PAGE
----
398 Citations Source Cite
Published on Jun 1, 1979in Journal of Affective Disorders 3.79
J. Angst2
Estimated H-index: 2
,
W. Felder2
Estimated H-index: 2
,
B. Lohmeyer2
Estimated H-index: 2
Abstract 1004 first degree relatives of 150 schizoaffective patients (41 males, 109 females) were studied and a total morbidity risk of 29.6% of schizoaffective spectrum disorders were found. The relatives show an increased morbidity risk for schizophrenia (5.26%) and affective disorder (6.55%) with a high incidence of catatonia and unipolar depression; schizoaffective secondary cases were only found in 3%. There is no significant difference in morbidity between parents, siblings and children. T...
67 Citations Source Cite
Published on Nov 1, 1984in American Journal of Psychiatry 13.40
Timothy M. Rivinus10
Estimated H-index: 10
,
Joseph Biederman161
Estimated H-index: 161
+ 4 AuthorsSteve Houseworth1
Estimated H-index: 1
Our sample consisted of 40 patients and 23 normal control subjects; all were nonadopted females. Twenty-seven inpatients were studied in Boston, at the Psychosomatic Unit, Children’s Hospital Medical Center, and 13 patients (seven outpatients and six inpatients) in the Eating Disorders Unit, Child Psychiatry Service, Massachusetts General Hospital. Of those included, all but one met the diagnostic criteria for anorexia nervosa proposed by Feighner et al. (17) and DSM-III. The one patient barely ...
72 Citations Source Cite
Published on Sep 1, 1989in British Journal of Psychiatry 5.87
Randy Katz17
Estimated H-index: 17
Depressive disorders are more common in the relatives of depressed probands than in the population at large, and there is compelling evidence that the familial aggregation of bipolar disorder and severe unipolar depression is at least partly due to genetic factors. However, the evidence concerning 'non-endogenous' depression is less clear, and family environment probably plays a stronger role. Much current research is focused on two areas: firstly, the mode of inheritance of manic-depressive ill...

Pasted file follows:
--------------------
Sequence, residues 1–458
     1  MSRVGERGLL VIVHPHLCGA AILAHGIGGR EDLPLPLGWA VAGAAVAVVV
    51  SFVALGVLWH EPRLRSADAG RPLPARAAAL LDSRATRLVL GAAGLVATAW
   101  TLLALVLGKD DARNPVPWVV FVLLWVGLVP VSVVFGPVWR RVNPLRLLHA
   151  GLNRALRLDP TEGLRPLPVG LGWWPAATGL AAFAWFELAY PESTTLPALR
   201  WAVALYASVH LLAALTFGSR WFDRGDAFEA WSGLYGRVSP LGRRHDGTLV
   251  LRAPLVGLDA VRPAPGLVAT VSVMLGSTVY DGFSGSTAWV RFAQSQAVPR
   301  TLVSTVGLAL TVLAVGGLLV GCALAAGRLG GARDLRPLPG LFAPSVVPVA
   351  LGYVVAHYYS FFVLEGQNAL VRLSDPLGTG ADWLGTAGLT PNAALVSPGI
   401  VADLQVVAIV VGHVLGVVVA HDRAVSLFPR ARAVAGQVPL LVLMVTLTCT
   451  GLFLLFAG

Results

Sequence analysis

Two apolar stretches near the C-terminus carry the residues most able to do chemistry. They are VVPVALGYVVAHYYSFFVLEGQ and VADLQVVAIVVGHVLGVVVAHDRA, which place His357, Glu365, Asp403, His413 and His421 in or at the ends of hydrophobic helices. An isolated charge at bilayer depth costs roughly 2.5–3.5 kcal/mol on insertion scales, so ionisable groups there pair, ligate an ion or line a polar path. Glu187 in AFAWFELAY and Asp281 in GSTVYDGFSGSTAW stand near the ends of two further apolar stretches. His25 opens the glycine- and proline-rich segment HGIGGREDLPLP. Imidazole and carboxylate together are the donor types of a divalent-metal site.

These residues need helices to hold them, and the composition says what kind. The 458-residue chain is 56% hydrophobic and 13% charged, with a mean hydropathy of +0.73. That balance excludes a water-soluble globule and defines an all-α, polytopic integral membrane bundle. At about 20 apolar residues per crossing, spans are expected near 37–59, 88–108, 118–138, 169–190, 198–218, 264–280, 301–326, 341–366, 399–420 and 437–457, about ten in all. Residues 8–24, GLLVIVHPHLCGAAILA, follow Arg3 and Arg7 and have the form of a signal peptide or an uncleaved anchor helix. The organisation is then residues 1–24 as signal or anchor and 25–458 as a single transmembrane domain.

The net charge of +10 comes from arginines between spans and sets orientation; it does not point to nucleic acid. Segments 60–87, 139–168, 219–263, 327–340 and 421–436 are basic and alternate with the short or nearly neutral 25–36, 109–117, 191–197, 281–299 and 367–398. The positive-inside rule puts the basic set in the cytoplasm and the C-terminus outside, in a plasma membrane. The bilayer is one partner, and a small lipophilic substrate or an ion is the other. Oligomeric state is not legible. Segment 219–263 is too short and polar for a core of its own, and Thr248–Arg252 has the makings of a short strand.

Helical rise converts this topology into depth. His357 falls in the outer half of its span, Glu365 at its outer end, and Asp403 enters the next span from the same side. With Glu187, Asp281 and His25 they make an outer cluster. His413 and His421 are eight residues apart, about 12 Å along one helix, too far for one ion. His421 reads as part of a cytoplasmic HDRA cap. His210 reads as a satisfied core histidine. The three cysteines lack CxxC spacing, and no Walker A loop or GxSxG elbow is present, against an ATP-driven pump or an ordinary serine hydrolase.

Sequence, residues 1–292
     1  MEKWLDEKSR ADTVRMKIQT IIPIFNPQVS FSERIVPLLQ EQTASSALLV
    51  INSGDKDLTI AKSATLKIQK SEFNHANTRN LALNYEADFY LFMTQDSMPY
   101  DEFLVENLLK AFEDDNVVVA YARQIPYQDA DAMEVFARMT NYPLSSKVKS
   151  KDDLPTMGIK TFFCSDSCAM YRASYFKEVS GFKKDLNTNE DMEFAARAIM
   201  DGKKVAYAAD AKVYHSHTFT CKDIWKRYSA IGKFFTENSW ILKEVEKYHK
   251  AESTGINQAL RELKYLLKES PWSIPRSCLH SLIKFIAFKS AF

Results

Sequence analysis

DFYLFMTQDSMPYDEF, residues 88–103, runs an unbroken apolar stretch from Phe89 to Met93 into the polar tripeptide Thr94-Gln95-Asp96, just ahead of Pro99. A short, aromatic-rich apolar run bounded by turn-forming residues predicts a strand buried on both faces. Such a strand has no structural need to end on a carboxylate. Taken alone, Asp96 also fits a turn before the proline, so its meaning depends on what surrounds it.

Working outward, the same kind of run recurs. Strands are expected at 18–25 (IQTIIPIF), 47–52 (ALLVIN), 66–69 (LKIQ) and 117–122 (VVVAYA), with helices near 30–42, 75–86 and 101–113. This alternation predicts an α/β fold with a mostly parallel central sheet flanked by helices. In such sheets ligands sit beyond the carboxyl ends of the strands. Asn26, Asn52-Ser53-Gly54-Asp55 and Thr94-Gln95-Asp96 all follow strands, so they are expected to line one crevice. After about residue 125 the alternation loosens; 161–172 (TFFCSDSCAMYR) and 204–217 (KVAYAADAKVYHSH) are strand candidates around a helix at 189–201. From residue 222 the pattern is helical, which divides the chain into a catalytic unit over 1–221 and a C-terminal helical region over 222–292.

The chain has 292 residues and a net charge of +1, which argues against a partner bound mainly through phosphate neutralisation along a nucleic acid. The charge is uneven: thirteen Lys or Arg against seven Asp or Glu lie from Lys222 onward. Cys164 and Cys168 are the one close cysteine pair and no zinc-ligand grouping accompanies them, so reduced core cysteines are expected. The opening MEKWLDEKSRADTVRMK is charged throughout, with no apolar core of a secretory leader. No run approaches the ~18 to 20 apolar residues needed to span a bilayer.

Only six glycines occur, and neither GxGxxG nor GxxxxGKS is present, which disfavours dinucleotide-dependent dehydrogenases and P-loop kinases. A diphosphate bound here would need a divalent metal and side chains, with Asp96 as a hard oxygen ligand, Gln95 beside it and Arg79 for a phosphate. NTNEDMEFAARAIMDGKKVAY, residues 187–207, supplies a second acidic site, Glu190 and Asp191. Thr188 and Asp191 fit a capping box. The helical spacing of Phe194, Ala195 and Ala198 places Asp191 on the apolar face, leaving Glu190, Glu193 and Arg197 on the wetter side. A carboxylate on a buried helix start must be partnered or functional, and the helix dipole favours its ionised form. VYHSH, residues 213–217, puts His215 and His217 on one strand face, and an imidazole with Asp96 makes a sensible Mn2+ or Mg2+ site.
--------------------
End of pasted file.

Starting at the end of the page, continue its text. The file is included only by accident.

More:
158 Citations Source Cite
Published on Jun 1, 1985in American Journal of Psychiatry 13.40
Miron Baron34
Estimated H-index: 34
,
Rhoda Gruen20
Estimated H-index: 20
+ 1 AuthorsLauren Asnis10
Estimated H-index: 10
The authors assessed the relevance of narrowly defined diagnostic criteria to genetic research in schizophrenia in the nuclear families of 84 chronic schizophrenic probands compared with families of 90 normal control probands. The morbidity risk for narrowly defined schizophrenia in first-degree relatives of patients with the narrow diagnosis was significantly higher than the control rate (3.8% versus 0.3%). The rate of chronic schizophrenia in the relatives of all schizophrenic patients was als...
22 Citations Source Cite
Published on Jun 1, 1977in Hospital Practice
Leonard L. Heston1
Estimated H-index: 1
In the first of three articles on schizophrenia, evidence for a genetic component is reviewed, including the high concordance in monozygotic twins, even when reared apart, and in children born to a schizophrenic parent or parents. The myth of the “schizophrenogenic mother” is rejected, though it does appear that as yet undefined environmental factors, by bringing about biochemical changes, may play an important role.
4 Citations Source Cite